It's June and Pride 2018 is officially under way with everyone at Serpent’s Tail geared up for a summer of reflections and celebrations. We’ve trawled our shelves that are bursting with some of the best in LGBT+ literature; we’re in the throes of creating a mammoth playlist of pride party anthems; and a bunch of us managed to bag ourselves tickets to see Britney do Brighton this August.

Over the next few weeks we’ll be sharing an exclusive extract from Gentleman Jack, the extraordinary biography of Anne Lister we’re publishing this November, as well as launching special competitions on Twitter to win copies of our favourite queer books.

But first up, staff recommend their fave queer reads that would make any TBR pile Proud. Be sure to check back for part two when we invite our authors to share theirs ...

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'This is a story about hunger' writes Ruby Tandoh about realising her queer identity in Eat Up! But that doesn’t mean deprivation: instead, Ruby means hunger in the best sense of the word, an exuberant appetite for the diverse, delicious tastes and sensations the world can offer us. From The Rocky Horror Picture Show’s Frank N Furter to the pancakes she cooked for her fiancée the morning after their first date, Moonlight to the queer trailblazers who revolutionised the food scene throughout the twentieth century, Eat Up! celebrates food as a source of pride, a manifestation of love and a defiant statement of identity.

Jayn CountyDREW

One of my favourite books from the Serpent’s Tail archives is Man Enough to be a Woman: The Autobiography of Jayne County by Rupert Smith. A true original, County (pictured) was a pioneer of punk, a Warhol superstar, a Stonewall rioter and the first openly transsexual rock star. Honest, spirited and with zero fucks given, County’s autobiography tracks her life from young sissy-boy to film actress, punk singer to prostitute, and shows just how influential she has been on pop and rock culture around the world.

RACHEL Fingersmith square

I remember reading Sarah Waters’ Fingersmith when I was about 13. It was at night, under the bedcovers during a regular sleepover at my best friend’s house. A perfect setting for such a darkly delicious, gothic read.


Many of my favourites are about disguise - of gender, sexuality, desire - out of necessity, fear, persecution, rejection. Olivia by Dorothy Strachey,  Virginia Woolf's Orlando, The Price of Salt aka Carol by Patricia Highsmith, Fingersmith by Sarah Waters, Ali Smith's How to Be Both,  Michael Cunningham’s The Hours. In generations to come, let's hope that disguise will be just for sheer pleasure and playfulness.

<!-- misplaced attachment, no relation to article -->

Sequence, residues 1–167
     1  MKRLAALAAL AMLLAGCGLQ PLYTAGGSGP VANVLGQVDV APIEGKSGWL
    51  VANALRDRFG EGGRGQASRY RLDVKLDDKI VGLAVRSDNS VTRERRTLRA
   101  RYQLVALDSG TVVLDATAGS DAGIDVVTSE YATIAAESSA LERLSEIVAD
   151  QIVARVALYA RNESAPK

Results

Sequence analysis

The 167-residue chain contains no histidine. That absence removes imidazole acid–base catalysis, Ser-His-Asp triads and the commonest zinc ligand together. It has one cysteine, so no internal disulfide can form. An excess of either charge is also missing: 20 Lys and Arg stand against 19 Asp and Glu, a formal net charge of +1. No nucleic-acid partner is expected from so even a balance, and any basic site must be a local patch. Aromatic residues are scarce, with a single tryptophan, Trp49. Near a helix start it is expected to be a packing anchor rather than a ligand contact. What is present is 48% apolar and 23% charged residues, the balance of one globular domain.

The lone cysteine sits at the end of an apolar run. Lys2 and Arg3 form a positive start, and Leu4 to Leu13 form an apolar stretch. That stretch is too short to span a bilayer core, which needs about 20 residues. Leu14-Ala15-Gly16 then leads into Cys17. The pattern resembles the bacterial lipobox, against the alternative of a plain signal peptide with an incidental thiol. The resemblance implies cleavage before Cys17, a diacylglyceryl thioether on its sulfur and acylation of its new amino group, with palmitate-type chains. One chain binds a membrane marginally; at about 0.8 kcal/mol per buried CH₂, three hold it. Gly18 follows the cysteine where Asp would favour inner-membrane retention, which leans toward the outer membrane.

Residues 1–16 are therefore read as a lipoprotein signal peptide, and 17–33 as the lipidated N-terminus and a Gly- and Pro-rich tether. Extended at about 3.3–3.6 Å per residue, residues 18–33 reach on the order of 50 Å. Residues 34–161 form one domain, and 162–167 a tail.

Fun Home by Alison Bechedel is a fierce, intelligent and beautifully drawn story of exploration and discovery – it’s one of those books to reread countless times, and lend out just as often.

The Autobiography of Red by Anne Carson is probably one of my favourite books of all time – the poetry is gorgeous and surprising, and Geryon the most achingly human character.

Glitter and Blood


I can almost guarantee you haven’t read anything else like A History of Glitter and Blood. A post-modern fantasy with a VERY unreliable narrator, it’s my favourite book about fairies - not the gossamer winged creatures of Rackham – these fairies live in a war torn city of steel and smoke. These fairies have to watch out for cannibal gnomes and carry the still living remains of their families around in jars. These fairies create new families out of the ruins of their old lives and are sometimes surprised by the results. This book is more than worth the effort.



Michelle Tea is a writer whose work I really treasure. She represents a very particular Third Wave feminist, west coast USA outlook and moment in time. Her work chronicles turn-of-the-century Californian counterculture and the figure of the queer grrrl outsider with a kind of optimistic belief that there is Another Way to live. And who hasn’t wanted to run away to 1990s San Fran in a blur of eyeliner and red hair dye? Tea has long explored issues around community, belonging and identity as well as bohemian poverty and addiction. I love her graphic novel Rent Girl (2004) and recent autofiction-apocalypse-experience Black Wave (2016).

Paradise Rot isn’t out until the autumn and I was lucky enough to read an early proof courtesy of Verso a couple of months ago. Jenny Hval is an incredible Norwegian polymath who writes books, makes music (including the album Blood Bitch which was inspired by her favourite book, I Love Dick) and has the best author photo ever. Her debut is a short and dreamy bildungsroman about Jo, a student newly arrived in a mysterious grey country who ends up falling into a vague and delicious coupling with her housemate. In the meantime their apartment grows and decays around them into a mossy and overgrown Eden in which she’s not sure whether she’s drowning or coming up for air. It’s really quite gorgeous with a bit of WTF.

Eileen MylesFLORA

Somehow I hadn’t heard of Eileen Myles before their editor announced we were publishing them. Immediately I was drawn in: a queer rock star poet who once ran for president and went out with Jill Soloway? Yes please. And their writing did not disappoint: full of life, and life’s setbacks, tough, raw and revolutionary, Eileen Myles’ I Must Be Living Twice was everything I’d hoped for. Their poetry is a celebration of finding one’s way in the world; also of eccentricity and otherness (a perfect fit for Pride). Here are 10 things we found out about Eileen Myles – prepare to be amazed!


 Brother by David Chariandy (pictured) is a beautifully written story (with not a single word wasted) – about family, love, grief, race, sexuality, loneliness; all underpinned by an aching sense of sadness and anger that this is the shit world we are living in right now.